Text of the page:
How did that even happen? This was the question that I was asking myself all night at Cameron Mackintosh’s new run of Phantom of the Opera. The production of Phantom of the Opera very appropriately opened on Friday December 13th, at the Orpheum, and runs through January 5. This well loved classic follows the story of Christine Daaé (Julia Udine), a background dancer who is thrust into a lead role when the star of the opera, Carlotta Guidicelli (Jacquelynne Fontaine), is unable to perform. After a stellar performance, Daaé becomes the star of a haunted opera. The opera house is haunted by the angel of music, who has very specific plans for Daaé and the opera house which does not include Raoul (Ben Jacoby), a new patron of the opera house and a love interest of Daaé’s.
All of the performances were solid, the most notable being that of Udine. She was consistently strong in both her acting and especially her singing. The dancing was also nice, my personal favorite being the masquerade. However, the performances were merely supporting roles compared to the set.
The question of the night really was how did that even happen? This question focused around technical elements. The first was the revolving circular column that made up most of the set. This thing spun, opened, closed and magically produced stairs at the wave of the Phantom’s hand. Entire sets would just appear to perfectly accent every scene. How did that even happen? The running color scheme of red and gold along with the constant glittering of gowns and jewels perfectly articulated the opera feel.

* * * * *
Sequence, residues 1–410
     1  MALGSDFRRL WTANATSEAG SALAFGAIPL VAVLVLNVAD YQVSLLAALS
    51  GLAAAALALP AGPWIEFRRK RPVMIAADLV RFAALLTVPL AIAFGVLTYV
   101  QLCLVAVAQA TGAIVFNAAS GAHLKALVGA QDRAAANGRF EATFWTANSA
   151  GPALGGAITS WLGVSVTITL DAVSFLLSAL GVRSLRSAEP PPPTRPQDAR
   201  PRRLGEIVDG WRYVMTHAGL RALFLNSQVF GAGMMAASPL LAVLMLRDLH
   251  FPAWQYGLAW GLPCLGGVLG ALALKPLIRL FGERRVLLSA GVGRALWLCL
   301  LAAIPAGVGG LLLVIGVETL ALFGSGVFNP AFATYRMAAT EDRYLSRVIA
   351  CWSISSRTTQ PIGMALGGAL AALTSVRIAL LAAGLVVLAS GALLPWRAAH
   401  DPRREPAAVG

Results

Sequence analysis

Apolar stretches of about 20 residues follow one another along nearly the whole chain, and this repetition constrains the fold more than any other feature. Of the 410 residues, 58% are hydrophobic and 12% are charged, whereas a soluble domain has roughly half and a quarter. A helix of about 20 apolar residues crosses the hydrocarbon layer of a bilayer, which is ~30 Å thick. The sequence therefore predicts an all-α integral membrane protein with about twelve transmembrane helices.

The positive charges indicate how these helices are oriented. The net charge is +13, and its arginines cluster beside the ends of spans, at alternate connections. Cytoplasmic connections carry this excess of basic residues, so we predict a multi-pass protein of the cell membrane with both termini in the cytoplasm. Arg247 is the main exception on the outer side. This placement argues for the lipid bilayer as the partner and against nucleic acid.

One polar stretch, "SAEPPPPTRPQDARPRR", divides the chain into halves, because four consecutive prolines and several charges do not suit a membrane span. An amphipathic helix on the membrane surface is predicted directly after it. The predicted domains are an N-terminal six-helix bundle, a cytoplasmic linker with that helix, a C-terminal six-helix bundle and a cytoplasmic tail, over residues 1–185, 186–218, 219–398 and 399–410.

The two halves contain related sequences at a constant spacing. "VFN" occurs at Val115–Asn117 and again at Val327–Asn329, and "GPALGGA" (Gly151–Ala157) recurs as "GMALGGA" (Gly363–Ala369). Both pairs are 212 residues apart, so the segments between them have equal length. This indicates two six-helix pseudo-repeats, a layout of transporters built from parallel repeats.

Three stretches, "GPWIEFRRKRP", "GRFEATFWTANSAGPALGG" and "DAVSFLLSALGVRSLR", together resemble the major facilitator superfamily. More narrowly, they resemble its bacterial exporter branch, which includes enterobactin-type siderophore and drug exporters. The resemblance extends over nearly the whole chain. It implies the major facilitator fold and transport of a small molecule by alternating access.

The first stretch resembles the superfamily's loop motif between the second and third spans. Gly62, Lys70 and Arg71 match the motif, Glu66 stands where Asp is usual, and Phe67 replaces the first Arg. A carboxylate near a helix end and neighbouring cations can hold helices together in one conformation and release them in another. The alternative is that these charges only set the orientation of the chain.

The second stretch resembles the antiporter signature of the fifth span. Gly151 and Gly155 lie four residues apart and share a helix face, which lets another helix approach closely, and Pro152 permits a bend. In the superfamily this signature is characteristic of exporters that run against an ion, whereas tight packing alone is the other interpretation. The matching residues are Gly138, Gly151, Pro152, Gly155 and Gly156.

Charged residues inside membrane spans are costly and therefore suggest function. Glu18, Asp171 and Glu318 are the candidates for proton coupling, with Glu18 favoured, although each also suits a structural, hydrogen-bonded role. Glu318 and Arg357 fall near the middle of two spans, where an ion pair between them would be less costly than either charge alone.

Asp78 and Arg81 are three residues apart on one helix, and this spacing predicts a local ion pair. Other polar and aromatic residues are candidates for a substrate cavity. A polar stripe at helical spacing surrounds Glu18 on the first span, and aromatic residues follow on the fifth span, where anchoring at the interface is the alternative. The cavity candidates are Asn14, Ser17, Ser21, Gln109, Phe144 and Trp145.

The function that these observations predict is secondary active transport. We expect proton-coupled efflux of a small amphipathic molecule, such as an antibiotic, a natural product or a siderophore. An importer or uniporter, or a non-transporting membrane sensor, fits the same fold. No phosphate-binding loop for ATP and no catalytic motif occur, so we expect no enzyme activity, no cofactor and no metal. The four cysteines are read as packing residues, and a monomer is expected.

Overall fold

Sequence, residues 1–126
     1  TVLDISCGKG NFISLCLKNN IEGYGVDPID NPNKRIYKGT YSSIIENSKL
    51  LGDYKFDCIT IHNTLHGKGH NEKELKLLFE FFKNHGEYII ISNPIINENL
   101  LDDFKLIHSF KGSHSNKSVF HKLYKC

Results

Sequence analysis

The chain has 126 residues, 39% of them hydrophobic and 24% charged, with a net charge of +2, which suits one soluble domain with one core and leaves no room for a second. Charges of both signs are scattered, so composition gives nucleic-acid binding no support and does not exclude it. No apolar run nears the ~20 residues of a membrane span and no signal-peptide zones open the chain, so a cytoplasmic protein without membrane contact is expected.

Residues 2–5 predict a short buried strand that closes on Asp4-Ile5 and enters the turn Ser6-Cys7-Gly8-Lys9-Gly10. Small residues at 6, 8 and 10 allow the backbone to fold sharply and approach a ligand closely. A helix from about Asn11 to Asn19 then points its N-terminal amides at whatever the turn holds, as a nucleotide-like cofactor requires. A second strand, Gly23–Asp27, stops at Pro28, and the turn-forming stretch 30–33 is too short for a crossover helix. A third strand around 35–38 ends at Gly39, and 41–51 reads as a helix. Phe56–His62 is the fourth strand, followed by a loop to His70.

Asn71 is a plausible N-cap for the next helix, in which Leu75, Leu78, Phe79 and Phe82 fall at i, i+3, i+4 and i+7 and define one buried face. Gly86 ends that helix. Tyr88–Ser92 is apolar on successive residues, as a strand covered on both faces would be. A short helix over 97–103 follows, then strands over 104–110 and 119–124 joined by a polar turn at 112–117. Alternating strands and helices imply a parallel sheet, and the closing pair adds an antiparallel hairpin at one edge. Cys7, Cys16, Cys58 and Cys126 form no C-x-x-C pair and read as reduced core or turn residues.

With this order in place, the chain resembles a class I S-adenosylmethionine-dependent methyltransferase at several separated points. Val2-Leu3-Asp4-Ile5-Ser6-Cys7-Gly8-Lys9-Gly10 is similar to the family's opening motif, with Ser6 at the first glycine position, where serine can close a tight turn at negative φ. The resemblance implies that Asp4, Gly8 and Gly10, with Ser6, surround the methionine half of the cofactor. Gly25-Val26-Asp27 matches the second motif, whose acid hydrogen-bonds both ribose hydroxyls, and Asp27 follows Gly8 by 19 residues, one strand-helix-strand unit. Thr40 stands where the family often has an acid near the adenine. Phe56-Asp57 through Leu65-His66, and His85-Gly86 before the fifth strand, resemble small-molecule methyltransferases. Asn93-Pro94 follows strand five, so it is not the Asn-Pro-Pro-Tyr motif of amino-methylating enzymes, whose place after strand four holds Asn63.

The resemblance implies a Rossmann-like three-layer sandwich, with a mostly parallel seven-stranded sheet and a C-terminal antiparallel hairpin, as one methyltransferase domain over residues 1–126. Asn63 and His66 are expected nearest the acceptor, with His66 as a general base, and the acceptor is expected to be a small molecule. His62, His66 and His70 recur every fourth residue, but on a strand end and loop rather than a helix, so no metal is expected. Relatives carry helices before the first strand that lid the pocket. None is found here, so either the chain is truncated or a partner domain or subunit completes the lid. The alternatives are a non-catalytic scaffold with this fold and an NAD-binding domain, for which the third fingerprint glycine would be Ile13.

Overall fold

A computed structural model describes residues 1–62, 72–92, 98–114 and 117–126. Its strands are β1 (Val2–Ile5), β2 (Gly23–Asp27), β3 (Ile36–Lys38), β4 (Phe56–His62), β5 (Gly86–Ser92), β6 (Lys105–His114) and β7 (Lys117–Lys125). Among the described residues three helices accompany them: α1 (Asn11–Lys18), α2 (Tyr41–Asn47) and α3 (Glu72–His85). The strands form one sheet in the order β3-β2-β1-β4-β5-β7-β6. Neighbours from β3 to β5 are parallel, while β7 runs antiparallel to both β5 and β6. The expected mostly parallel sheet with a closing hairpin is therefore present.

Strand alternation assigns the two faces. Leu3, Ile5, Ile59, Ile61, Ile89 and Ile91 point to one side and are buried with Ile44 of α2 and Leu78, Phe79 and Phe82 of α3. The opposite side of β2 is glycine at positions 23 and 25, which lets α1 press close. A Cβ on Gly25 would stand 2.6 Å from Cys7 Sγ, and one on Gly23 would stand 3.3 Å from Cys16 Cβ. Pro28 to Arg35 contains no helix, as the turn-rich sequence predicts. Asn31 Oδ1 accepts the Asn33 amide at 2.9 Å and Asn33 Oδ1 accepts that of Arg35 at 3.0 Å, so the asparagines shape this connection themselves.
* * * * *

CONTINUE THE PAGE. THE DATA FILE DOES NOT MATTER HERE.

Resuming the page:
Can we just talk about the flames. The warnings in the lobby about the use of pyrotechnics did not even begin to cover it. This show includes reactive candles, flame attacks and, at one point, the entire front of the stage is on fire. The flames are amazing and they once again lead me to ask how did that even happen?
The one negative thing about the set was unfortunately the chandelier. It was ugly. And the fact that the first scene includes a big reveal just emphasized the disappointing nature of this rather important prop. This chandelier, locked in the shadow of its bigger, brighter, and better old brother that was the actual chandelier at the Orpheum was the only disappointment in the production. Creating an amazing and functional chandelier may seem impossible, but in a show where the theme was how did that even happen, I expected a little more.
Overall this show is awe-inspiring. There are elements of the set that I still could not tell you how they were accomplished. The story was strong and the production let the audience into the world that is the Phantom of the Opera. This show is transporting and I would recommend that you do whatever needs to be done in order to get yourself a ticket.